[Trigger warning for eating disorders]
Background: I battled bulimia for ten years. Or, more accurately, I embraced it for three years, battled it for one, reveled in it for another one, struggled with it for another one, partied with it for two more, and fought it for another two before winning(ish). It’s been five and a half years since I last purged and four years since I last wanted to. I’d ask for a chip or something, but chips are kind of a sore subject with me. (Rimshot.)
For most of my youth, my exposure to eating disorders had been pretty much limited to Lifetime-style movies where the pretty young woman desperately wants to join the cheerleading squad and starts exercising all the time and throwing up her food, and everyone compliments her on losing weight, except for her abandoned former best friend, who is the only one who can tell that Something Is Very Wrong, and eventually she collapses at school, and then there’s inpatient treatment and a roommate who’s been Doing This For Years, blah blah blah meaningful self-discovery, blah blah happy ending, blah blah ED hotline blah. A serious and not-uncommon story, of course, but about about as relatable to me in my sheltered life as the Very Special Episode of a sitcom where a heretofore unknown uncle shows up, drinks from the liquor cabinet at night, drives drunk, gets in an accident, teaches us all a Valuable Lesson, goes home, and is never mentioned again.
It hit a little closer to home my junior year of high school when my chorus teacher was voice-coaching an aspiring Miss Georgia. They’d decided that a captive audience of 18 high-school-age girls would be a great chance for rehearsal, so AMG stopped by to sing a few songs and practice her platform–eating disorder awareness. It was, from what I recall, a good presentation. Formerly anorexic and bulimic herself, she had pictures of her Before and After and Since, accurate statistics and medical information, and honest commentary on her own experience. It was meaningful stuff. And while the girls in the class were cringing at the idea of someone sticking her fingers down her own throat, I’m pretty sure I was the only one thinking, “Hold on, that’s a thing you can do?”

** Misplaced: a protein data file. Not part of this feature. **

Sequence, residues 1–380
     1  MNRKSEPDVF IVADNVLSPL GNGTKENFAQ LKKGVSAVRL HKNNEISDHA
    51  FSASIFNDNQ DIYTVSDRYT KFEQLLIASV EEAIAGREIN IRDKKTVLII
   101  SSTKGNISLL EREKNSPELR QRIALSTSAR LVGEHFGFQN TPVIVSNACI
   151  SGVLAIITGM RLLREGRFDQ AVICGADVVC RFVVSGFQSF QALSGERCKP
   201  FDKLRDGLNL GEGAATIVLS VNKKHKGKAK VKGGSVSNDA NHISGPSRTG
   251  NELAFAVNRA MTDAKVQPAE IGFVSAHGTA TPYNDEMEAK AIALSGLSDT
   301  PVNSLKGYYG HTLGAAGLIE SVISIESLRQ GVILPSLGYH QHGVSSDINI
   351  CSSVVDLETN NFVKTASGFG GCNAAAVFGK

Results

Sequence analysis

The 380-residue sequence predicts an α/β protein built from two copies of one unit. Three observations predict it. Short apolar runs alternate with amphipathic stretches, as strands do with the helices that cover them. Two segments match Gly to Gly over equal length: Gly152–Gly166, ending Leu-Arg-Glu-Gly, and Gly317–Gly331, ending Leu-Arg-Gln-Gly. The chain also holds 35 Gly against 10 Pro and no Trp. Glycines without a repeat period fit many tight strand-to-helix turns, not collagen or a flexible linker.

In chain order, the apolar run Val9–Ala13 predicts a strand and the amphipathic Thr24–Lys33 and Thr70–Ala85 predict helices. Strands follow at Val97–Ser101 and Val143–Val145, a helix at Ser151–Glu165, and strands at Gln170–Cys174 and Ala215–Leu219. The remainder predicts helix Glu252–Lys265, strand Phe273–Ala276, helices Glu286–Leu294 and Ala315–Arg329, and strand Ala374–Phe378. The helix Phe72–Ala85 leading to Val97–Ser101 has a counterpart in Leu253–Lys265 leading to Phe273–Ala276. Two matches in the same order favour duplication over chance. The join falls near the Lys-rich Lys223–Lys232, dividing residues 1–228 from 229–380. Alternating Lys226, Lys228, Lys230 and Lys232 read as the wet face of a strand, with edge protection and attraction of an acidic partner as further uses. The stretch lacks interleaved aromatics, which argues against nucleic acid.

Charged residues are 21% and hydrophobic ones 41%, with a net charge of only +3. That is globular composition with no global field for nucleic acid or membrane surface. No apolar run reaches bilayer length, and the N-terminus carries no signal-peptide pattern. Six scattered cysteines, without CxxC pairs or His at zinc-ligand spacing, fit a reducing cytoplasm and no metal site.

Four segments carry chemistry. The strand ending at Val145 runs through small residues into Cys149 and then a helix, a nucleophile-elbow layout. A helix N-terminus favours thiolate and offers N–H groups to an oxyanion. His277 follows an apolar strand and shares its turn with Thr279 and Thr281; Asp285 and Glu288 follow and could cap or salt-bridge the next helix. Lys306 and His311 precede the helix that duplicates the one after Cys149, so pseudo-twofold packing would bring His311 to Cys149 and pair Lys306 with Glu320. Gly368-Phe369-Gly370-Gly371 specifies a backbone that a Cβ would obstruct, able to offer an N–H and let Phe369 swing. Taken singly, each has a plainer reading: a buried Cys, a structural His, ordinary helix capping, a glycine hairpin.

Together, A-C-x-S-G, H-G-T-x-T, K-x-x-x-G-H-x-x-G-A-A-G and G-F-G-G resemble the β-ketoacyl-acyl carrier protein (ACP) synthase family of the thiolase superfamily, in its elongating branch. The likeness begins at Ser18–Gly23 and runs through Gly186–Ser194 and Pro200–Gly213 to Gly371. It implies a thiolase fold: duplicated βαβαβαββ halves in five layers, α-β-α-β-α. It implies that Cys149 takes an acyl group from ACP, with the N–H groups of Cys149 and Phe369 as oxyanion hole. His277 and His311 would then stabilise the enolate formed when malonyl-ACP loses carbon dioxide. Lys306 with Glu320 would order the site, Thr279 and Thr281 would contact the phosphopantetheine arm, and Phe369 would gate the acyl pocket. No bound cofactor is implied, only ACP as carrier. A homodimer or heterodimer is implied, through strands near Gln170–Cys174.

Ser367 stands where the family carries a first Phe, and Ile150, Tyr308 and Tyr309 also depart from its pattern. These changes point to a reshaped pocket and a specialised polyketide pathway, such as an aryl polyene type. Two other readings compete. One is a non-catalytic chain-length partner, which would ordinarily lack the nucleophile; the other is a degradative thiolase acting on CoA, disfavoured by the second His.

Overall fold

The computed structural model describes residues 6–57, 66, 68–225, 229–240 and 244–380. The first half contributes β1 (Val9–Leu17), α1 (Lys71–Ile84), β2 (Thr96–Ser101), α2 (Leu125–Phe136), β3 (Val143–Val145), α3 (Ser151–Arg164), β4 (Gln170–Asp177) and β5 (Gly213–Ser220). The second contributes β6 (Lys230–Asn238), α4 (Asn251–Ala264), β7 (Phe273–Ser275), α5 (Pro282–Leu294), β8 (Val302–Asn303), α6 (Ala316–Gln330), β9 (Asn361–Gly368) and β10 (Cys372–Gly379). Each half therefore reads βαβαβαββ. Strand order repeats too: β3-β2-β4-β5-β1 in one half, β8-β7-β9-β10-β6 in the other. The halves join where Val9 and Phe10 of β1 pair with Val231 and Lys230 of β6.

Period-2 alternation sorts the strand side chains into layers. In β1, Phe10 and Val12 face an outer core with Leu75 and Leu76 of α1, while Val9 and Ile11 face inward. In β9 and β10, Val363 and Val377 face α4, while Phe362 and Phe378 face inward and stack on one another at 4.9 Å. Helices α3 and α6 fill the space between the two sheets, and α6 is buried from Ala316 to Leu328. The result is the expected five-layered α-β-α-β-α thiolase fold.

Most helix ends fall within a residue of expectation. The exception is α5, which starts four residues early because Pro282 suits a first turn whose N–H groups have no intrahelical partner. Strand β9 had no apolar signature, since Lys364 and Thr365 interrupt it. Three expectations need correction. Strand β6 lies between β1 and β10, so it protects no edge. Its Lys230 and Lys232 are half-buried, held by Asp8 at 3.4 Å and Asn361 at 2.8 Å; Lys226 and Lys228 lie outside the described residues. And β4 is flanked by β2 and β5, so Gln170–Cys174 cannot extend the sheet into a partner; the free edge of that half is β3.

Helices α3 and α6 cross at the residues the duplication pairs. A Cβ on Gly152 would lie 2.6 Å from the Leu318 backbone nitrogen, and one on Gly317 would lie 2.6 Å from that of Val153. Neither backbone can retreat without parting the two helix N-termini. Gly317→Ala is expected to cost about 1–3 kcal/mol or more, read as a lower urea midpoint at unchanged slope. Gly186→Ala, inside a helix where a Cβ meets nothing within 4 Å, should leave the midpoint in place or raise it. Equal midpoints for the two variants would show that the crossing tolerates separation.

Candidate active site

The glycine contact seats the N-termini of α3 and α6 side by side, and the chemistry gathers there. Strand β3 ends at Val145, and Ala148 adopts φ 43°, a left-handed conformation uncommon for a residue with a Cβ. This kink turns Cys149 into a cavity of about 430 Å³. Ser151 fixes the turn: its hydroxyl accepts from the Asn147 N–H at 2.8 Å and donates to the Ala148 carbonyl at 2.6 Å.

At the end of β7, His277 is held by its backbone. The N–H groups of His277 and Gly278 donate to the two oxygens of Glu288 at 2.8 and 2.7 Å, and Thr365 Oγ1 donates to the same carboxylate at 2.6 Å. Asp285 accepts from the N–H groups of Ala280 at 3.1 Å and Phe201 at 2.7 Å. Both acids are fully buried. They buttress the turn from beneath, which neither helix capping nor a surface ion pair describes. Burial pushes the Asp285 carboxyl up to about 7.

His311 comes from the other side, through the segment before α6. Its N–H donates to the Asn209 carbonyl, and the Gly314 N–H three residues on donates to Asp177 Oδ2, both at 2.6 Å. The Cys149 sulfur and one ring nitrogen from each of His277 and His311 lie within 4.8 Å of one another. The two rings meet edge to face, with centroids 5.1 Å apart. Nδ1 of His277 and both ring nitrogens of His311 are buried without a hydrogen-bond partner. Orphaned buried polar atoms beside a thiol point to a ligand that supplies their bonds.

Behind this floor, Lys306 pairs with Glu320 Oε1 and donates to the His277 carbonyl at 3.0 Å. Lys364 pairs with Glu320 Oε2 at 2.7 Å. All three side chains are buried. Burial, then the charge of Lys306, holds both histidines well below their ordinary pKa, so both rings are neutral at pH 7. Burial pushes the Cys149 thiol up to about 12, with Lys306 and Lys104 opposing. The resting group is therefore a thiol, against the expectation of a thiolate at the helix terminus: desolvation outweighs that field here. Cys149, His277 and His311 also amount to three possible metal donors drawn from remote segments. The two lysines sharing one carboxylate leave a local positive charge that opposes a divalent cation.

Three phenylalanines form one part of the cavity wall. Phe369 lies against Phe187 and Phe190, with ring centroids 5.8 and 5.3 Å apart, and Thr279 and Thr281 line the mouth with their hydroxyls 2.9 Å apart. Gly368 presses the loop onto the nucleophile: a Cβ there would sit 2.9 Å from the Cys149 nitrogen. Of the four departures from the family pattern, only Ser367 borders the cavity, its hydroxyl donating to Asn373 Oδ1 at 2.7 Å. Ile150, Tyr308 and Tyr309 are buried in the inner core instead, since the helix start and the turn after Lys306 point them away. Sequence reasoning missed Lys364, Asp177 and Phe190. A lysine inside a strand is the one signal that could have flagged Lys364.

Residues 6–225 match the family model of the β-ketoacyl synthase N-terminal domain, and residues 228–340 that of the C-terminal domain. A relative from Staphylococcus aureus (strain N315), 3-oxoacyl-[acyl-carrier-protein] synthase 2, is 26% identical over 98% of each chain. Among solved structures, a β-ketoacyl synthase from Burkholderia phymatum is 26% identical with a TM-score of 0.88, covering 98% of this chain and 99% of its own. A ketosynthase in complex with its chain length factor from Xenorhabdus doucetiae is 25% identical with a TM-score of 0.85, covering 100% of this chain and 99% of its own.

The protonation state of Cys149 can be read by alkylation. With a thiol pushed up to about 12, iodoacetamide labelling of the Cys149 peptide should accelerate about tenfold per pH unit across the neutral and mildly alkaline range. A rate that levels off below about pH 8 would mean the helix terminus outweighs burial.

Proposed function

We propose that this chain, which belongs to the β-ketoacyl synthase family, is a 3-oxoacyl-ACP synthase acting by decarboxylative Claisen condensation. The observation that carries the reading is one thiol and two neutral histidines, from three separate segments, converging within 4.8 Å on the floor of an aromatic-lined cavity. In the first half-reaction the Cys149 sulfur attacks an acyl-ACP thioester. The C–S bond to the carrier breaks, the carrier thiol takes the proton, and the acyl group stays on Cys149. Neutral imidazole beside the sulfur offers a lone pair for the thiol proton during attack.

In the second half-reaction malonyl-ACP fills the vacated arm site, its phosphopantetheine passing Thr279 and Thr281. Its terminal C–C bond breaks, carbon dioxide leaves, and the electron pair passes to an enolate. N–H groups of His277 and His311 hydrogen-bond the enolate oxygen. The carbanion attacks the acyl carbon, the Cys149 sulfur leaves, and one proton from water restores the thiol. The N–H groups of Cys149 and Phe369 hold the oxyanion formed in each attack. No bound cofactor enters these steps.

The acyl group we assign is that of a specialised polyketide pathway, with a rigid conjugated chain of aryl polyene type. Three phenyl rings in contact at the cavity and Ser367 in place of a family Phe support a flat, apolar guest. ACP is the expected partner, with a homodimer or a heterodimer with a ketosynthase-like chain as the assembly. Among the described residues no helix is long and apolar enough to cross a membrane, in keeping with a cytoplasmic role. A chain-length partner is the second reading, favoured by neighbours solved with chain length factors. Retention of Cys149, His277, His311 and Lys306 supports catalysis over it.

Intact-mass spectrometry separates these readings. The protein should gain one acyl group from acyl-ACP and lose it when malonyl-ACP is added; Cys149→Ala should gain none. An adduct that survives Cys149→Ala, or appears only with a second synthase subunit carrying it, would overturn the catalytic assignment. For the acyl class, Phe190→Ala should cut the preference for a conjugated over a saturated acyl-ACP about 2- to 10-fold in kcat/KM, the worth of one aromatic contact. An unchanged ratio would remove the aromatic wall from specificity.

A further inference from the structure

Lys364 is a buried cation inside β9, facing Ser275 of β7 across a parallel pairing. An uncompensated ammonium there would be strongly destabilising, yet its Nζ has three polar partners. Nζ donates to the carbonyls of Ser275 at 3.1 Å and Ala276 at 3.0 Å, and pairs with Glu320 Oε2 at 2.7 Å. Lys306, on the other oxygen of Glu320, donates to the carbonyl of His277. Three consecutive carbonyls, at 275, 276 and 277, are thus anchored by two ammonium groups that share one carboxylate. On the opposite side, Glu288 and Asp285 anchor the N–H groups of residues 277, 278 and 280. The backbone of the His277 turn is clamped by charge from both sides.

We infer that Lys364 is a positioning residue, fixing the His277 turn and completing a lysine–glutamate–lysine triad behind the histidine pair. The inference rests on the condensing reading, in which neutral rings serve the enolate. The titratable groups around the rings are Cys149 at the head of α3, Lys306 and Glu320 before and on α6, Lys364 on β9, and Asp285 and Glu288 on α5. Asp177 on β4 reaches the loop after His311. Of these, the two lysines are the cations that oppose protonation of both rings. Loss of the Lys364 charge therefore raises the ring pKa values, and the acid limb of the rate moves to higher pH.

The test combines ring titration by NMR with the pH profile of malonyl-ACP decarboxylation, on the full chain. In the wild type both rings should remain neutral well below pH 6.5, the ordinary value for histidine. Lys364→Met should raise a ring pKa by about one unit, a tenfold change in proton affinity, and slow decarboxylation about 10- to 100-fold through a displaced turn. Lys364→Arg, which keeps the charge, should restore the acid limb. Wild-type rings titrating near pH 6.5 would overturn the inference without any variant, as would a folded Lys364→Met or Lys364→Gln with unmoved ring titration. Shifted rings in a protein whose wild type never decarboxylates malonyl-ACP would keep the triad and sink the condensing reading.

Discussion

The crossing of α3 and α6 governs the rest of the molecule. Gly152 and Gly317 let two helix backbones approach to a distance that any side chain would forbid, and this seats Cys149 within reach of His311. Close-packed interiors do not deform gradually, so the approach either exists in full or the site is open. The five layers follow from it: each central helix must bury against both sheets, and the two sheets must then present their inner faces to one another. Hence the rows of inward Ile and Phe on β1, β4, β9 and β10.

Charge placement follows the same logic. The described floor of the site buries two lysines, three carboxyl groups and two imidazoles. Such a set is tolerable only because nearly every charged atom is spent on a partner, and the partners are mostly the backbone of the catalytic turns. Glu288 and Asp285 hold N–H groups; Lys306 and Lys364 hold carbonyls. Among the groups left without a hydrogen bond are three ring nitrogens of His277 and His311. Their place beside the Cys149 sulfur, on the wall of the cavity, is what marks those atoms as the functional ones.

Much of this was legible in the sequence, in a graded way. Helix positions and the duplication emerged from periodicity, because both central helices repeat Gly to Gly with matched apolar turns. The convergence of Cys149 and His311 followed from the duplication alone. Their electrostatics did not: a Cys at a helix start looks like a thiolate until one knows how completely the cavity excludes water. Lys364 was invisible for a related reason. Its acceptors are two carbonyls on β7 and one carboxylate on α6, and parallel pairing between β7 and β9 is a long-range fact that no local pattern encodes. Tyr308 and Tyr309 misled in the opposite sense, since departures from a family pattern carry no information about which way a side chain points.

At least one meta-analysis indicates that my reaction is the exception rather than the rule and that most girls do receive the intended benefits of eating disorder education programs. I was, arguably, already broken at the time–the only person in the room (to my knowledge) who heard AMG’s awful stories and managed to tune out everything but “I started sticking my finger down my throat” and “I started losing weight.” I saw her skeletally thin photos from inpatient treatment, and while I didn’t admire them “thinspirationally,” I thought, “Well, I can stop before I get that skinny.” (I can quit whenever I want.)
AMG had no way of knowing, when she walked into that chorus room, that one of the girls there would end up taking the diametrically wrong message from her presentation. And even if her talk did give me brilliant ideas for starting my very own eating disorder, it certainly wasn’t the cause of the stress, depression, perfectionism, poor self-image, and body hatred that would have manifested somehow eventually, if not the wrong way up my esophagus. And yet the part of me that, 15 years ago, was grateful for the diet tips now feels just a little bit betrayed. I was 16 years old. I was stupid. Why would you put that in front of me? As if I wouldn’t have stumbled across it sooner or later anyway.
Even now, I’m still in no place to look back on that time objectively and identify the factors that got the whole thing started. Was there something she said (or didn’t say) that set me off? Some analysis suggests that “survivor testimonials” like the one I got may be more likely to have adverse effects. Did I show any kind of warning sign that I personally would be better off not hearing that particular message in that particular way? I don’t even have the comfort of saying, “We need to protect girls from the fate I suffered,” because the research seems to indicate that most other girls don’t suffer it. But whenever I’m given the opportunity to talk about my own history with bulimia (and I’ve got some stories), I’m afraid to–because I’m afraid that in the audience of girls cringing about vomiting, there will be one girl taking notes.